There are a few iPhone apps available that attempt to mimick Newton features, such as an updated PocketMoney and a few sketching applications.
The one that recently got my attention was WritePad by Phatware. WritePad is a free download, and offers the one Newton feature that the iPhone has been lacking so far: handwriting recognition (HWR). WritePad also offers cut and paste, a feature iPhone and iPod Touch users won’t experience until the 3.0 release this summer.
But how does it work?
Before we get into that, it’s worth noting that WritePad is a trial application. Phatware wants to test HWR on the touchscreen and is looking for feedback from WritePad users. That feedback will help develop the PhatNotes app. Hence the free download. Phatware also uses WritePad’s HWR engine to power other iPhone apps, like WritePad Events and WritePad Notes.
It’s basically a word processing program that lets you make and edit text files on your iPhone. The app includes a lengthy tutorial on how to use WritePad’s myriad features, like Auto Correct and user-defined dictionaries. There’s a lot to read and digest.
To start with, the logistics of “handwriting” on Apple’s new touchscreens are difficult. With only a few square inches to work with, and a thicker-than-a-stylus finger, your results will definitely vary. Accuracy is limited by the size of your scribbling, the size of your fingertip, and your handwriting style. And unlike the Newton, the iPhone’s relatively small screen size limits the length of your scribbles. WritePad employs a unique solution to the small screen size: you can overlap your letters in individual words. But is that even practical?
iTouch Tips give a great demonstration of the many features, like gestures and HWR options, and I’d recommend reading their post before digging in with WritePad’s options.
Without messing with the options or the tutorials, I went ahead and gave WritePad a test drive. Here are a few examples.
Given short, one-word scribbles, WritePad does a fair-enough job. I made a conscious effort to write neatly and cleanly on my iPhone, and WritePad’s HWR did the job just fine.
Given groups of complicated words, however, WritePad starts to fall apart. It reminds me of Newton 1.x’s brand of HWR: effective at times, but not nearly as good as 2.x.
I made several attempts at writing “Egg Freckles” in WritePad, and none of the translations came up accurate. In fact, the text got more garbled the more I tried.
WritePad does offer a “learn your handwriting” option, where possible words pop up to match your own scribbles. And supposedly, after a while, WritePad will learn your handwriting style. So part of it is patience, and part of it is giving the system time to adapt.
The only problem is, your words-per-minute speed will be miserable using WritePad’s HWR. With the keyboard, it logically gets better. Maybe an iPhone stylus would improve things, but I imagine few iPhone users will bother with a stylus.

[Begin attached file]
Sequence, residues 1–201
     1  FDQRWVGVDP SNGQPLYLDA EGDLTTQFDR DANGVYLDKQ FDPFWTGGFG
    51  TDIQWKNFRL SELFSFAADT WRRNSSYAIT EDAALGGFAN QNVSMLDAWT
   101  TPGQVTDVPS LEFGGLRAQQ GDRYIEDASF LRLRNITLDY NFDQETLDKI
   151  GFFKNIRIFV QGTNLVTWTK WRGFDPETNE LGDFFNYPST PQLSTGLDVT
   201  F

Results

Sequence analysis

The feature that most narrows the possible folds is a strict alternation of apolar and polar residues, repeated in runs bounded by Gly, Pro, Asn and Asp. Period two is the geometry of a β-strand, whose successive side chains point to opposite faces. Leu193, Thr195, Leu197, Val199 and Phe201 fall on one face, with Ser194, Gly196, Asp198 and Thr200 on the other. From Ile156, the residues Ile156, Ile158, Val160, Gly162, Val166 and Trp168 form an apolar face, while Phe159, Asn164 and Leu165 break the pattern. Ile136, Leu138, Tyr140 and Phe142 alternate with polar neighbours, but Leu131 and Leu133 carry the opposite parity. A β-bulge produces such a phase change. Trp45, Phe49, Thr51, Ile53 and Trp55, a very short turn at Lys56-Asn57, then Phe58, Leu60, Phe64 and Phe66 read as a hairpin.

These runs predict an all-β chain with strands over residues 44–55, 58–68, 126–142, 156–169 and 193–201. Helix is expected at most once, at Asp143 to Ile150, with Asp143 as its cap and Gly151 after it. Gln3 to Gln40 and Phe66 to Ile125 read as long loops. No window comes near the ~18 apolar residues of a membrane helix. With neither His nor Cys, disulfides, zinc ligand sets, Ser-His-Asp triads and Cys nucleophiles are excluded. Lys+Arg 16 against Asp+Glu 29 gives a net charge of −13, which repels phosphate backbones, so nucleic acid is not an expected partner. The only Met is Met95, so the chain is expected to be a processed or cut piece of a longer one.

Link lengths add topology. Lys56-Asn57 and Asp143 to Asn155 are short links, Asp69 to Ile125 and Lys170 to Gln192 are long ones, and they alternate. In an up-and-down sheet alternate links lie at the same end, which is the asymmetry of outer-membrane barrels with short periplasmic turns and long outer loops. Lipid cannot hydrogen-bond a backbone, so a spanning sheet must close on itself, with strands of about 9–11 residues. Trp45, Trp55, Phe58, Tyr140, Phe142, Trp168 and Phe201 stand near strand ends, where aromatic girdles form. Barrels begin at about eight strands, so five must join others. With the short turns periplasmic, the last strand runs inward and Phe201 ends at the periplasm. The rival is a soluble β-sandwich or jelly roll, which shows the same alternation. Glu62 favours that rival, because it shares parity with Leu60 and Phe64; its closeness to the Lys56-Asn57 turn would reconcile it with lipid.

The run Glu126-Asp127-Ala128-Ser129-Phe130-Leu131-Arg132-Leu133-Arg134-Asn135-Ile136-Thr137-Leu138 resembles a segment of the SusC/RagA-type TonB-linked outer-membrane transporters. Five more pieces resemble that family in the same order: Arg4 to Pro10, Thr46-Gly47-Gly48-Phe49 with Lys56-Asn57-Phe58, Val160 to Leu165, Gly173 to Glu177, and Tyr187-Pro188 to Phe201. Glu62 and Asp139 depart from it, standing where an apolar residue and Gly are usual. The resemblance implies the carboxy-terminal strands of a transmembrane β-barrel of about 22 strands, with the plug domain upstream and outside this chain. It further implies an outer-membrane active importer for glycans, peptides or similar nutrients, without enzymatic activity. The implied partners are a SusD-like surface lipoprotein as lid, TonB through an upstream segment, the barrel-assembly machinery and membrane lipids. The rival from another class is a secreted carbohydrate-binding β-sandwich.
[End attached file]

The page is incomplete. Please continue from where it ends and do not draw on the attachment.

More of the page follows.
It’s too bad that WritePad’s HWR is limited to in-app use. I imagine developers could find some use for system-wide HWR using WritePad’s method, but HWR is probably one of those “background” features that Apple doesn’t allow.
The other feature WritePad offers is copy/cut/paste, and this is done fairly well.
Here I write “Paste” using WritePad’s HWR (again, it does well at translating simple words).
WritePad translates the word (above). To copy the text, tap twice and drag across the word to highlight it.
WritePad offers cut, copy, and paste buttons at the bottom of the screen. To cut my “Paste” word, I just tap on the little scissors icon. To paste, simple tap on the clipboard icon, and WritePad pastes the word as many times as you tap. Clean and easy.
With the buttons, WritePad’s style of copy and paste differs both from the Newton and the upcoming iPhone 3.0 way of doing things. I can’t say if it’s better or worse because you can only copy and paste within the app. When you’re in WritePad, the copy and paste buttons are an automatic part of the UI. They work as advertised.
I had hoped that WritePad could act as a Newton-like Notepad application for the iPhone. Since you can open and save text files within WritePad, you can accumulate a hefty amount of notes. The Newton Notepad offered easy ways to organize your notes, however, which is something WritePad lacks. With WritePad, you have a list of text files with no apparent folder or file system to organize your notes.
If you want an easy way to edit and write text files on your iPhone, WritePad is a fine enough word processor – assuming you use the keyboard. But any hope for using HWR in an iPhone app effectively, especially one that replicates the Newton, is dashed when you start to write longer-form words or sentences on the smaller iPhone screen. WritePad’s HWR doesn’t seem practical enough for extended use.
A WritePad app on a larger-form iPod Touch or tablet, however? The possibilities of Newton-like performance start to grow. And to be fair, WritePad is a simple testing application that provides Phatware with enough user testing to implement WritePad’s HWR engine into a new, improved suite of apps.
So we’ll see how it works out. In the meantime, WritePad offers a bit of Newton-like functionality with the HWR, and a preview of cut/copy/paste that we’ll see later this summer. And hey – it’s free, which helps.